-.119

.565

-.117

.058

.146

.253

.295

-.007

CONCLUSIONS

For the intention to study on “Consumer Interpretation of Brand Personality Dimensions in Indian Market” a survey carried among a sample of approx. 100 consumers of each Raymond and Royal Enfield using Numerical scale to our questionnaires resulted in collection of data whose factor analysis was carried. As a result we were able to find out that Raymond is perceived as rugged, competent and sincere brand by the Indian consumers and Royal Enfield as Excitement. These finding of dimensions of brand personality help in giving important implications to develop strategies for the brand to compete in the current competitive environment. The description of a brand’s personality may vary in different brands.

There are many variables in the making of a brand that helps them establish a brand personality (Levy, 1959). Brand personality is used by brands as tools to target consumers and a form a relationship with them (Aaker, 1996). Using these traits as precursor in form of advertisements, packaging’s, imagery etc. (Plummer, 1985; Levy, 1959), will help in growing consumer preference (Sirgy, 1982), an emotional connection and increase in loyalty and trust between the brand and consumers (Fournier,

1994).

Royal Enfield, the Indian market perceives it as an Exciting brand. Both the factors, daring and Imagination denote excitement. Raymond is perceived as a brand which is rugged, competent and sincere by the Indian market.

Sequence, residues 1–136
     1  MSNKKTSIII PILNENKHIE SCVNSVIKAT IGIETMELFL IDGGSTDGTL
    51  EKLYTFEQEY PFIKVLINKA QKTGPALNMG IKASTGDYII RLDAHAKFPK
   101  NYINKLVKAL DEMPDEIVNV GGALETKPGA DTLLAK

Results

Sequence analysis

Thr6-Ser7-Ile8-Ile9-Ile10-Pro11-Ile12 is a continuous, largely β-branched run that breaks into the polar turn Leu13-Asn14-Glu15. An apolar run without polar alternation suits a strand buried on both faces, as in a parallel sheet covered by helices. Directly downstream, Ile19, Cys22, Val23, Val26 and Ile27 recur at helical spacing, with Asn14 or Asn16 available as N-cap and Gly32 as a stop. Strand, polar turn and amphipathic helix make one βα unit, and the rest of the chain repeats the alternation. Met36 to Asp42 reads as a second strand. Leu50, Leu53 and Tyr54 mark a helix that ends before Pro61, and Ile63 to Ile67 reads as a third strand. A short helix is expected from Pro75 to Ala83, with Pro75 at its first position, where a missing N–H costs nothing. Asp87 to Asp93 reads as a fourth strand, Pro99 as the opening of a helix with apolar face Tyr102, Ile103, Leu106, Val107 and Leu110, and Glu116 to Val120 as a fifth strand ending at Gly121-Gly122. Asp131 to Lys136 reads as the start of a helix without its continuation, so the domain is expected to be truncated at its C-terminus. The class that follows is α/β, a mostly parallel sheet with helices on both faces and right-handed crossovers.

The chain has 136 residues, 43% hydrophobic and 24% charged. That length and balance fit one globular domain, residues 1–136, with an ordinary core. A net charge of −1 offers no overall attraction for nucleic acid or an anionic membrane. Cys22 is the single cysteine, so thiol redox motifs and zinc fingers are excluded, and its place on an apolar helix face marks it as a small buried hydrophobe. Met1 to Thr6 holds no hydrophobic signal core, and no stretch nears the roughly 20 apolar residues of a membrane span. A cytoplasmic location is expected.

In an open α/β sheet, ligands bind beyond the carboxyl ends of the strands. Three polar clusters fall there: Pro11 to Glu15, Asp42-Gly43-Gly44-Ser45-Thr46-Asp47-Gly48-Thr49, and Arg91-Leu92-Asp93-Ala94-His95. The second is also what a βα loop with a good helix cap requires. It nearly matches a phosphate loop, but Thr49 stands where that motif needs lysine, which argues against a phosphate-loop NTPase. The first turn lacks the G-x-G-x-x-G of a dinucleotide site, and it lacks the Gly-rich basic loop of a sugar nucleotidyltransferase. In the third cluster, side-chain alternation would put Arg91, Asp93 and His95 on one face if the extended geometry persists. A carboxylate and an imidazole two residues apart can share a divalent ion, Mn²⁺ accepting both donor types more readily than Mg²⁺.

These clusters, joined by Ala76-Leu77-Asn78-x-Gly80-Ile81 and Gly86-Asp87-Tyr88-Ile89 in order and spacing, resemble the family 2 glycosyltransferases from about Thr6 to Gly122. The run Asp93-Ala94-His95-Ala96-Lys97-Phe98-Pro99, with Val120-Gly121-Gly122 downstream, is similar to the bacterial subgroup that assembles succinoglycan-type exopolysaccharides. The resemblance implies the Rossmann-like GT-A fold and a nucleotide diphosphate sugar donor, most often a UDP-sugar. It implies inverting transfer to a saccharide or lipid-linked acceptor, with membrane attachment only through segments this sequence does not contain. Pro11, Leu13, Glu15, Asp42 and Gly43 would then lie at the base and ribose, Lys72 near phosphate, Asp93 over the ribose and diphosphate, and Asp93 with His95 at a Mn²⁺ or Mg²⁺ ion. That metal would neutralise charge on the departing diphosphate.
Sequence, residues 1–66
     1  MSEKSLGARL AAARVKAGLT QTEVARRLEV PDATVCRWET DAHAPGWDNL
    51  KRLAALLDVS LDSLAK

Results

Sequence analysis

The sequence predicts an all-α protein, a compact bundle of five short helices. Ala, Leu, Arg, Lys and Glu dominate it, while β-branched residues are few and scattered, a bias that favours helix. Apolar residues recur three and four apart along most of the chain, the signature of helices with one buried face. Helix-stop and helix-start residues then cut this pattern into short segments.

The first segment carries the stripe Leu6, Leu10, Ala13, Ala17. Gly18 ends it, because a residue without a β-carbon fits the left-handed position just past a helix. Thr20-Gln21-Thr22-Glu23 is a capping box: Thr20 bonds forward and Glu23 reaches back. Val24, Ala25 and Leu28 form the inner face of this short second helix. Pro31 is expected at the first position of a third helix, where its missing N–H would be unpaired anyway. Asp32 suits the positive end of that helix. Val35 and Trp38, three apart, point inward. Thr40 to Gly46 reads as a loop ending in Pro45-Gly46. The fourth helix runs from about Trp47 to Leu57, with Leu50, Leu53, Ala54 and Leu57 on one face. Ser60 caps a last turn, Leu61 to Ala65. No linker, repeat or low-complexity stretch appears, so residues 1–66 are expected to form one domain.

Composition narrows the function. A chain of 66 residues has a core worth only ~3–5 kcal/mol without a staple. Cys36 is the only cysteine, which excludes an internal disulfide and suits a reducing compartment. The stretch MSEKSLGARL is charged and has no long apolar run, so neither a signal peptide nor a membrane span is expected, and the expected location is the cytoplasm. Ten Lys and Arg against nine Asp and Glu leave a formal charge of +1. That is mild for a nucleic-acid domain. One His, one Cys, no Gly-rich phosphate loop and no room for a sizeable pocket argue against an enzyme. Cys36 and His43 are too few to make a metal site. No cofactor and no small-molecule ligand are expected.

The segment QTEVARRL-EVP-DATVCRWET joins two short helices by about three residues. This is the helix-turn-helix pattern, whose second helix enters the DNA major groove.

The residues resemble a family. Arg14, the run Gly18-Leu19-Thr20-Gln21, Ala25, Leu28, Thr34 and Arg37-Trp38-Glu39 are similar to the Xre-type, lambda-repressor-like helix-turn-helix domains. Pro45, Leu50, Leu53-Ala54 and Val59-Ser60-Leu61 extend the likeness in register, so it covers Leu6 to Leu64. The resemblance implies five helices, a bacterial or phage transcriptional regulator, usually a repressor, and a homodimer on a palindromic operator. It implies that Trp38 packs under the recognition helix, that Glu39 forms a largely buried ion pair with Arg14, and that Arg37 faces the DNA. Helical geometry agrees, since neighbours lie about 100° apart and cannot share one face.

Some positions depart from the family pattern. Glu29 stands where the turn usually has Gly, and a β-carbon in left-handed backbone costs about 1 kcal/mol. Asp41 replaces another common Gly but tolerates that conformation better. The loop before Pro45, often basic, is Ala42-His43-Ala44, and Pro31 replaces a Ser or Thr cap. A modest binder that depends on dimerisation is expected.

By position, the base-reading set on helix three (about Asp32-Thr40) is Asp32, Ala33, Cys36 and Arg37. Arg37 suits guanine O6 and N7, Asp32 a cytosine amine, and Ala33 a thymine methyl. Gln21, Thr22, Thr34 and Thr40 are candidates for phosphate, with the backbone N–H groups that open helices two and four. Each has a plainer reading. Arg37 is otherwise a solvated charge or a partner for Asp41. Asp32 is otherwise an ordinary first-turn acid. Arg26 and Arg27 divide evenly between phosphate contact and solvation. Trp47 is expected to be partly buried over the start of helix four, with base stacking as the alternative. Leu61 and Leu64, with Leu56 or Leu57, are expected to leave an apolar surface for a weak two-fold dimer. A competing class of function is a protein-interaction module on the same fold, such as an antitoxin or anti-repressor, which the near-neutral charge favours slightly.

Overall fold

The present study was conducted to understand how the Indian market perceives the two brands, Royal Enfield and Raymond with the help of Aaker’s dimension of brand personality model.

MANAGERIAL IMPLICATIONS

Using the analysis results and conclusions important suggestions for brand strategies can be done. Looking at the competitive environment, these days creating and developing a suitable brand personality has become essential for an effective brand positioning and differentiation. Adding to this, brand personality has a dominant effect on brand loyalty, brand association, brand loyalty and brand relationship strength.

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LIMITATIONS

The study has certain limitations. The study was majorly conducted in the city of Mumbai and may not be representative of the entire nation’s perspective in different life cycles and may vary due to diversified cultures across India. The scale might not be reliable for measuring brand personality in different cultural context (Aaker1997). The Aaker scale does not hold true for different cultures. Here only two brands have been studied which might not help to conclude whether the Aaker scale will hold true for Indian culture or hold true to understand Indian consumers interpretation. Many other new scales have been developed as they have been seen as more reliable.